Reopening conservation plans before they can be implemented is a premature step
Today, the Department of Interior and Bureau of Land Management announced that they will reopen the federal land-use plans for sage grouse conservation for amendments and published a 45-day comment period in the Federal Register. The action stems from a report generated by Secretarial Order 3353 and recommendations from a DOI-lead review team regarding several issues brought forth by the western states, local governments, and some stakeholder groups. While today’s notice opens the plans for additional comments, it does not necessarily mean they will be amended.
“We do not believe DOI and BLM fully exhausted all administrative options outlined in the report to the Secretary before deciding to pursue reopening the federal sage grouse conservation plans after just 2-years from their completion and with little implementation on the ground,” says Whit Fosburgh, president and CEO of the Theodore Roosevelt Conservation Partnership. “Some targeted amendments to the plans may be necessary and could be acceptable once all other options have been exhausted, but we do not support major changes from amendments to the federal plans.”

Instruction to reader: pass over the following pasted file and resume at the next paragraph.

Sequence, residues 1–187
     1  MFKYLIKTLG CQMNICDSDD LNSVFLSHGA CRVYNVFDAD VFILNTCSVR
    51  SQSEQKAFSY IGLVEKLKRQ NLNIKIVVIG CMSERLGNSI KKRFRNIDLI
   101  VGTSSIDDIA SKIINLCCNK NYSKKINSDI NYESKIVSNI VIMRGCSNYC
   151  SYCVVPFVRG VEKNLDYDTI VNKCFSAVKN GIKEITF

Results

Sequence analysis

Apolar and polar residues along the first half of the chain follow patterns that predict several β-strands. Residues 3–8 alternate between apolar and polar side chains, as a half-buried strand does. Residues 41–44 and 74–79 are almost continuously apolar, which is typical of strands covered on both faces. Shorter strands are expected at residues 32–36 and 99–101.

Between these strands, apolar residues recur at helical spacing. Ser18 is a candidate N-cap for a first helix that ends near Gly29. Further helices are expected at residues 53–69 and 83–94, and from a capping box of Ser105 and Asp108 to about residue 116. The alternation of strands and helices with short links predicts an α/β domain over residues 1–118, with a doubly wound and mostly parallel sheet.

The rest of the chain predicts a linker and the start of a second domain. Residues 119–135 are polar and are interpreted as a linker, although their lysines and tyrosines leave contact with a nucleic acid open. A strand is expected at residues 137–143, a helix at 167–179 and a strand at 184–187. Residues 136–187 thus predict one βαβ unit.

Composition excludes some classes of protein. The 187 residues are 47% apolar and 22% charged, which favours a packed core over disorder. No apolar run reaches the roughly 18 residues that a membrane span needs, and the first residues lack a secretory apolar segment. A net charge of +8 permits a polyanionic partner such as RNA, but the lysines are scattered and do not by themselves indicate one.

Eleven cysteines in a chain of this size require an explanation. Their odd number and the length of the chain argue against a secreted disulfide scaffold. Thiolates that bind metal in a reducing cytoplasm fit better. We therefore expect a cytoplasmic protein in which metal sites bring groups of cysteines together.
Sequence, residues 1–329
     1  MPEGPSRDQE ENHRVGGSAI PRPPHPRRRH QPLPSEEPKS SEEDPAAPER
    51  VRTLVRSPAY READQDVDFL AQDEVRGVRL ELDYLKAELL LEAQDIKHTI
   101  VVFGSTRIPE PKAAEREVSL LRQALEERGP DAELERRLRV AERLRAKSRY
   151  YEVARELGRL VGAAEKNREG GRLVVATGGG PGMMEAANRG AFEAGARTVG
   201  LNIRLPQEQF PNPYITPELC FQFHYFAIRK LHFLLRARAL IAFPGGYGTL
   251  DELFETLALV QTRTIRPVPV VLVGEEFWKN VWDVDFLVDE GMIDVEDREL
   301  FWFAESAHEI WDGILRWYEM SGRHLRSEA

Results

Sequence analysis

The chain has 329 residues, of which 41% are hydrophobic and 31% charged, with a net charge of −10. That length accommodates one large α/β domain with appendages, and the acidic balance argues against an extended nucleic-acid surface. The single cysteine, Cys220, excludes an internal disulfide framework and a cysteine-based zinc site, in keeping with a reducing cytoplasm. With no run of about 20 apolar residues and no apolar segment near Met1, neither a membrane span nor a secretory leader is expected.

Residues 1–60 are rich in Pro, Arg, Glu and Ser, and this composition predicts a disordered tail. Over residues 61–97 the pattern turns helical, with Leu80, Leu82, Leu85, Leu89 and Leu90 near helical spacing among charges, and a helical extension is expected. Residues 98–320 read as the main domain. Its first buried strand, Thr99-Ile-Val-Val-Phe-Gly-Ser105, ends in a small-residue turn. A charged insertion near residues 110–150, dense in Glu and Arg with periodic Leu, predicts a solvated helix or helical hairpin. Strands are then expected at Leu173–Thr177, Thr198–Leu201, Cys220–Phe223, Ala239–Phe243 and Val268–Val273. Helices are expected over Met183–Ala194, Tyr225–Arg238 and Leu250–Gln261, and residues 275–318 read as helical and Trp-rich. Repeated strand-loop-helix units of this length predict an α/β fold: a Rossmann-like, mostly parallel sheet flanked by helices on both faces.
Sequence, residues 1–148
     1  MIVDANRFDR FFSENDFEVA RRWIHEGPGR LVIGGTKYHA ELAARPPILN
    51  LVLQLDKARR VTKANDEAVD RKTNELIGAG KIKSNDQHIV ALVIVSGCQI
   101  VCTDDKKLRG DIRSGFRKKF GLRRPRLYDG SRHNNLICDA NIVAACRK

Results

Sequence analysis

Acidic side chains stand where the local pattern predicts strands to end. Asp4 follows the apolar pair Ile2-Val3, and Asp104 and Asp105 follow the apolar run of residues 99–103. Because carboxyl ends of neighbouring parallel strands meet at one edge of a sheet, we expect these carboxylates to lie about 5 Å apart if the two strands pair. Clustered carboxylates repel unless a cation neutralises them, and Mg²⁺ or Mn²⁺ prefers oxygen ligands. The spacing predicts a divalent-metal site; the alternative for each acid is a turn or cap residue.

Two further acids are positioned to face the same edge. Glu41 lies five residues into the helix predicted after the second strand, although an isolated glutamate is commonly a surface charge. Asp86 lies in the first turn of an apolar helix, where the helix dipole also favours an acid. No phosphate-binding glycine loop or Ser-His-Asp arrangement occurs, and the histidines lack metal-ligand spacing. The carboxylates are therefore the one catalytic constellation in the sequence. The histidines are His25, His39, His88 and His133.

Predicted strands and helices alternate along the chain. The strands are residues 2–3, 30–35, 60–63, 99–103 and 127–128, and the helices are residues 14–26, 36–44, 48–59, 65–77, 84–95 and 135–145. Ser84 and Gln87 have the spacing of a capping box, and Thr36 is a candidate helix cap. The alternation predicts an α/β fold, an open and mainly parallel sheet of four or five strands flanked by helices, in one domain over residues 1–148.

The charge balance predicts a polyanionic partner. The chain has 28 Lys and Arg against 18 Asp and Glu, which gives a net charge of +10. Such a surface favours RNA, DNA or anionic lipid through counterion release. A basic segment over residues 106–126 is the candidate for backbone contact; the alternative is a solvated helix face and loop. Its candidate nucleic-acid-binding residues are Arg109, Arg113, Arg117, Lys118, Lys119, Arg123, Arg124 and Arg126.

“The current federal plans already balanced the conservation and management of sage-grouse priority habitat with energy development and other multiple uses of public lands. Representatives from the oil and gas, wind, and grazing industries, among others, were deeply involved in developing the current sage-grouse plans. Expanding development within priority habitat would be ill-advised and invite further litigation. Any future changes to the conservation measures in the plans must be defensible and supported by past and current scientific information. The TRCP will continue to work with DOI and BLM, as well as the states, during this process to ensure issues are resolved and balanced without further compromise to the conservation of the sagebrush ecosystem.”
In a separate notice today, the BLM also canceled a proposed withdrawal of approximately 10 million acres in Sagebrush Focal Areas in Idaho, Montana, Nevada, Oregon, Utah, and Wyoming from mineral development.
“Mining, while not as extensive as other development, still has impacts on the sagebrush ecosystem and must follow conservation rules for sage grouse priority and general habitat. With or without designated focal areas, we expect the BLM to continue to hold future development to these existing standards.”